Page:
Gijs Gieskes / Rodrigo Costanzo / Gamut Inc / José Alberto Gomes / Ilan Manouach / Mateo Mena / Gustavo Costa (Sonoscopia) / Wade Matthews (Cruce) / Tiago Fróis (Oficinas do Convento) / Miguel Carvalhais / Nuno Torres / Victor Gama / Adriana Sá / Paulo Maria Rodrigues

In collaboration with artist Maria Arnal, Coro is a 3-day workshop that explores how Shapereader’s tactile resources can be steered towards the elaboration of an alternative system of musical notation for professional and amateur singers /vocalists. 

This exhibition questions the heritage of the classic “Franco-Belgian” comic strip in contemporary French-speaking European comics, through more than a hundred original plates and reproductions.




Curator: Jean-Christophe Deveney
Exhibition produced by Lyon BD, with the support of Pro Helvetia, Wallonie-Bruxelles International, Le Center Wallonie-Bruxelles in Paris, and the Auvergne-Rhône-Alpes Region.

In collaboration with artist Maria Arnal, Coro is a 3-day workshop that explores how Shapereader’s tactile resources can be steered towards the elaboration of an alternative system of musical notation for professional and amateur singers /vocalists. The public presentation has been postponed due to the general strike and the public demonstrations.

In collaboration with artist Maria Arnal, Coro is a 3-day workshop that explores how Shapereader’s tactile resources can be steered towards the elaboration of an alternative system of musical notation for professional and amateur singers /vocalists.

During the international Seminary of Film Archive held in Tabakalera that explores non-conventional and para-institutional uses of archival practices, Ilan Manouach and Maria Arnal are going to present the process and outcome of the 3-day Coro workshop previously held at Hirikilabs. Other invited guests were Xabier Erkizia, Jorge Jácome, Pauline Julier, Aya Koretzky, Helena de Llanos, Jumana Manna, Uriel Orlow, Jessica Sarah Rinland and Ibon RG. The programme was curated by Lur Olaizola and Victor Iriarte.

Hackathens 2019 invites theorists to share their ideas on the issue of ownership of the city in the era of “platform economy” and is therefore a form of collective critical thinking. Furthermore, calls on groups not only to critically think about the questions posed, but also to plan, in the same way, objects, scenes or situations that reflect their understanding of the importance of common Athens and their response to the question “to whom Athens belongs”. This three-day project aims to analyze both the economic and business aspects of the phenomena we are dealing with. The Symposium asks participants to consider the underlying economic and business models and the formal and informal economies behind perceptions of what, who or what are they to whom Athens belongs.

OutScore curated by Dr. Sozita Goudouna is a research program that generates encounters between dance, sound, performance and the visual arts in relation to the complex notions of notation and score, and the ways scoring elasticity can be conceived in the second decade of the century. Ilan Manouach presented the score for an upcoming Shapereader perfromance. Other artists were Maria Hassabi, Kelly Nipper, Michael Portnoy, Duke Riley, Alexandros Georgiou, Delia Gonzalez, Eleni Kamma, Kostis Velonis, Raymond Pettibon, Erlea Maneros Zabala, Christian Wassmann, Vassilis Salpistis and Marie Voignier, Dionysis Kavalieratos, Maria Georgoula, Nikos Charalambidis, Olga Venetsianou, Angela Svoronou, Sotiris Karamanis and Mark Aerial Waller. The second edition of the project will be presented at ‘T’ Space Rhineberg New York designed by Steven Holl Architects in collaboration with Dimitra & Eirini Tsachrelia and Nicholas Karytinos (Tacet Creations).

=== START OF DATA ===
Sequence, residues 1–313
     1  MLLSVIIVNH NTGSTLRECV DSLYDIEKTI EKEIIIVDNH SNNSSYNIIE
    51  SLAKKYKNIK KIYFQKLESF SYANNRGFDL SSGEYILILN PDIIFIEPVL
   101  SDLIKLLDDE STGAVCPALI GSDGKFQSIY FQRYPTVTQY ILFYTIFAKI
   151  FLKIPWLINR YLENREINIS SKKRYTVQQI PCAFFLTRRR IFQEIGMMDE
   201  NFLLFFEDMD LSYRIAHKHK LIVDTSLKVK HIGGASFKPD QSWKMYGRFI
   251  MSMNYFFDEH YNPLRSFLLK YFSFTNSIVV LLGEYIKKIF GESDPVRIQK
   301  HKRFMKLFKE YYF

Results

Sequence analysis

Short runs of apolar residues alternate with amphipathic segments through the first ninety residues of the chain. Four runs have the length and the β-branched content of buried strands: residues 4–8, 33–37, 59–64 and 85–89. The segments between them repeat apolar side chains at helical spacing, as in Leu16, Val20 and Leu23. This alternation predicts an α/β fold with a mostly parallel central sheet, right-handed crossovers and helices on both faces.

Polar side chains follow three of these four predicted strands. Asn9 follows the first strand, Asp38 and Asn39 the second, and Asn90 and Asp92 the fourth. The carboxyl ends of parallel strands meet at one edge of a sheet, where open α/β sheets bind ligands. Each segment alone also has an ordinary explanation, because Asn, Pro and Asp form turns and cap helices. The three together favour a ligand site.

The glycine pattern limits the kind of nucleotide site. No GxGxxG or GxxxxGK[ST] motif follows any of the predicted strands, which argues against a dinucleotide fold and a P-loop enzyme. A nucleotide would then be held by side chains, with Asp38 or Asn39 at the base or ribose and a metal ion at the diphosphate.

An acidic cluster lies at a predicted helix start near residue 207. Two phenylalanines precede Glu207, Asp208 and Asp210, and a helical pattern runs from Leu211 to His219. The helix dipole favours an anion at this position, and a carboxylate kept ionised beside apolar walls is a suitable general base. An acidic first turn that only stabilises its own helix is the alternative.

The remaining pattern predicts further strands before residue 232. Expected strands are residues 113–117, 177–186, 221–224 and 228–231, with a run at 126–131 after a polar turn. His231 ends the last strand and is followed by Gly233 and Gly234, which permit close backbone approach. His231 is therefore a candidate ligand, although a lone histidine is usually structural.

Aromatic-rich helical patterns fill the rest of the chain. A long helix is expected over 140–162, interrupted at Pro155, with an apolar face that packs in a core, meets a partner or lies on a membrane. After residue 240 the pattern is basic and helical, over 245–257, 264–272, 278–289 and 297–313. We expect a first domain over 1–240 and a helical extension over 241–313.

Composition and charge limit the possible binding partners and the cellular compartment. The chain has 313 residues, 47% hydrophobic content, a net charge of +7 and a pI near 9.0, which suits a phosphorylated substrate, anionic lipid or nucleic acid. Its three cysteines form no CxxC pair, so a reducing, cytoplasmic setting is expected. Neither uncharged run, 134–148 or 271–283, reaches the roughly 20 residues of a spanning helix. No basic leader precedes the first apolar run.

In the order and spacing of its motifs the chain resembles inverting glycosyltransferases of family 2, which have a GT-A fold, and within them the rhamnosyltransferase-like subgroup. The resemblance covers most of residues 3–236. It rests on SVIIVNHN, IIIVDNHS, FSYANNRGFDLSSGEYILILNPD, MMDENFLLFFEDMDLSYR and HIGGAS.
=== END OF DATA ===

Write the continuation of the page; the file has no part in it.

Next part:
Following the invitation of Daniel Jimenez-Quiroz, Ilan Manouach gave a detailed presentation of Shapereader’s different formats of engagement, discussed about the modality of touch in comics and proposed a short exercise with the Metope plates.

Presentation of an academic paper from Ilan Manouach that explores the conditions for user diversity in comics and examines the formal, syntactical and material properties, and technologies that contribute into forging communities of users/readers. St.Ambroise University, Davenport.

National Comics is one of the main frames of analysis in comics… or is it too old-fashioned now that the ‘transnational’ is trending? We will discuss the upsides and limitations of the concept of national comics in the case of Canada, an officially multicultural and bilingual country in constant search of national identity: Does Canadian Comics matter? What is national comics? Most popular comics? Best comics? What about immigrants and emigrants? What are the roles of institutions? A reading session by Kim Jooha.

Comics in India are being treated as cheap objects. People feel they have no inherent value, and are often discarded. Through a documentation of different raddiwalas (paper recyclers) who sort through the pile of books and magazines they get and rescue comics from there, Aarthi will talk about books that are representative of different points in the comics jouney of India: from the Pattachitra and Kaavad, to Indrajal Comics, to Amar Chitra Katha, to Tinkle Comics to Graphic Novels and finally zines. One of the books she will have with her is a rescued comic! By Aarthi Parthasarathy.